Parents start memorial fund after death of daughter
An organization that has been providing support for local families struggling to care for severely ill, injured and disabled children is celebrating 35 years of advocacy.
The Kelly Anne Dolan Memorial Fund allows healthcare professionals in Pennsylvania, New Jersey and Delaware to apply online for assistance for their patient families in need of help with payments for overdue bills and other necessities.
Peggy Dolan of Philadelphia, executive director, established the fund with her husband Joe in October 1976, just one day after the passing of their daughter Kelly, 6. The experiences the couple encountered during the care of their child who endured a five-year battle with aplastic anemia and a rare form of Leukemia, moved them to start the foundation.
"I can remember that I was at the hospital for a few weeks -- I lived at the hospital with Kelly. On the sixth week I was on my way to the cafeteria for dinner. My husband said to me 'guess how much we've spent to park the car?' He said we paid $600 just for the month," recalls Dolan.
The Dolans went on to spend more time in the hospital after their third daughter, Kimberly, was diagnosed with the same disease that took her sister's life. The 4 year old underwent a life-saving bone marrow transplant which her father was the donor.
"When we were in the hospital we saw everything. I would sit next to a mom who was there as two of her kids were getting blood transfusions, children who had lost limbs, ones recovering from car accidents, and I even saw kids with birth defects with distorted faces and others who needed cranial surgery," remembers Dolan.
Throughout its 35 years, KADMF has assisted almost 20,000 families in similar situations with payments on more than 15,000 utility and phone bills. Checks were cut for more than 1,000 rent payments and more than 500 air conditioners were provided, along with more than 700 pieces of disability equipment.
"We've had families with co-pays that were $600 to $800 a month just to buy medications or complete needed therapies -- just extraordinary expenses. Even with electrical usage, no one thinks about those things, but it is critical to have," says Dolan.
Dolan acknowledges first-hand that when a family encounters the devastating illness in this tough economy, along with the rising cost of healthcare, their close unit is affected in various ways including emotionally, financially and psychologically. With this in mind, KADMF works hard to respond with requests for help within 24 to 72 hours.
"You think about how many families out there are headed by single parents. I really don't know how they do it. They try to maintain a career or job while taking care of severely ill children. We get a lot of referrals from grandparents who have been made the guardians. In some cases they may be sick themselves or on limited incomes," says Dolan.
Gwen Harcar, licensed clinical social worker, says she's witnessed KADMF offering concrete support when everything else might be in disarray in a family's life. She works at UPMC's Children's Hospital of Pittsburgh and has worked with adult and pediatric medicine for seven years.
"I have found the Kelly Anne Dolan Memorial Fund to be one of the most reliable and dependable resources for the families I've encountered. Many groups offer support related to a specific diagnosis, but the KADMF is offered to any family who is experiencing a chronic or acute medical situation that requires extraordinary commitment from the family during an unanticipated medical crisis. In Western Pennsylvania there is certainly a need to lend support to families during critical situations," says Harcar.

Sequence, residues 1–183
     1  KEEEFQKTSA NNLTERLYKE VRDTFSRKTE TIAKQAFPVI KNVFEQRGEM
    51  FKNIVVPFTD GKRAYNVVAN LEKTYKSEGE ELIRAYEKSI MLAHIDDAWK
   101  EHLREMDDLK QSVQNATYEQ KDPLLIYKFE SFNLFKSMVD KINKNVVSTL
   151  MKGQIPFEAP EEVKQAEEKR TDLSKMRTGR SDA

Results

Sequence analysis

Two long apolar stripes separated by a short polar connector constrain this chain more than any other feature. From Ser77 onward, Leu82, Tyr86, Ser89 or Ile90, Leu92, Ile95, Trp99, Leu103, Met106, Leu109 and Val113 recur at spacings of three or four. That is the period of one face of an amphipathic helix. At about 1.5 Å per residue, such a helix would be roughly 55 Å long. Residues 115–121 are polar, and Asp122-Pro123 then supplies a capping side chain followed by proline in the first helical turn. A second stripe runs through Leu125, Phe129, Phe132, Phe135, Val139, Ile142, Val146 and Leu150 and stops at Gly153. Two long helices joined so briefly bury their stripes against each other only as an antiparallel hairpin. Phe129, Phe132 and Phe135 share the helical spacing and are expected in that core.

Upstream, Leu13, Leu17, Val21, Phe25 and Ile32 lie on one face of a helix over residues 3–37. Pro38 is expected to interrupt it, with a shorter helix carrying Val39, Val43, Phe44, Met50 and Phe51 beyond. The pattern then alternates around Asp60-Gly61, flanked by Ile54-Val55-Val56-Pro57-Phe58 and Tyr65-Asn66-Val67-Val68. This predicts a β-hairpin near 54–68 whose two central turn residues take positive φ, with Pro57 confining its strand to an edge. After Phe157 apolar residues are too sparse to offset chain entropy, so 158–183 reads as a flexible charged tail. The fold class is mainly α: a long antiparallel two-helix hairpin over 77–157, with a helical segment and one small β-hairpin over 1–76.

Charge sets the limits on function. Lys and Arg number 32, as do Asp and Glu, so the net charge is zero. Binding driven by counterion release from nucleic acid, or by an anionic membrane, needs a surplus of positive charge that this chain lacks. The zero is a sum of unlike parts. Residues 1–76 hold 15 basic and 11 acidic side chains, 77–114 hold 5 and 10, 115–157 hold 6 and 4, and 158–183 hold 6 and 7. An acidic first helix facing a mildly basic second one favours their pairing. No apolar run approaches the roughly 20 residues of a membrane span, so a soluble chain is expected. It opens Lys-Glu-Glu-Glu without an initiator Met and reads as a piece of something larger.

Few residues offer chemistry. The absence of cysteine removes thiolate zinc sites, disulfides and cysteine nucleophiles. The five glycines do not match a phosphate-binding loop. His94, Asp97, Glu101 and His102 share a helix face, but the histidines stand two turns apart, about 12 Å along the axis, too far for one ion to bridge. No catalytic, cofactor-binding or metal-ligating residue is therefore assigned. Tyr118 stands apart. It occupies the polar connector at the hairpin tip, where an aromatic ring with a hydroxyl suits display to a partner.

Harcar says many children are transferred to Pittsburgh for specialized medical care. This includes children from Western Pennsylvania, West Virginia and Ohio. With many Pittsburgh hospitals offering specialized neonatal intensive care units, level one trauma services to children and pediatric specialists, many of these families travel hours to meet with doctors who can help their children. Harcar says throughout the years she has worked with families throughout Westmoreland and Fayette counties.
"Many of these families are hard-working families who experience unexpected illness with a son or daughter, or have a child with a chronic medical issue. These families will make every sacrifice possible to be with their child," says Harcar.
"As the economy continues to change, families are put in a more desperate position. It is heartbreaking to see a parent who wants to be at their child's bedside but is torn because if they miss another day of work there is another bill that may not get paid. With a critically or chronically ill child, the last thing a parent wants to see is a late charge or shut-off notice from a utility company," she continues.
Dolan says that given the different challenges that many families face, KADMF plans to continue to be a strong support for them. She says recognizing the vast need in the Pittsburgh area for help, her organization anticipates opening up a local office in the city in the next five years.
"The fund is like a responsibility now. If I don't do this who will• I know what it is like and if I can't continue to give to families who need help -- who else will• It's a way for me to give back," says Dolan.
"There were times I'd come home from the hospital after having a difficult day, I'd find a brown paper bag on my doorstep. It would be a complete dinner for us from one of my friends. You don't know what that felt like. It was relief that something was taken off your plate. It's all those simple things that can make an incredible difference to someone".
More information about the Kelly Anne Dolan Memorial Fund can be found here .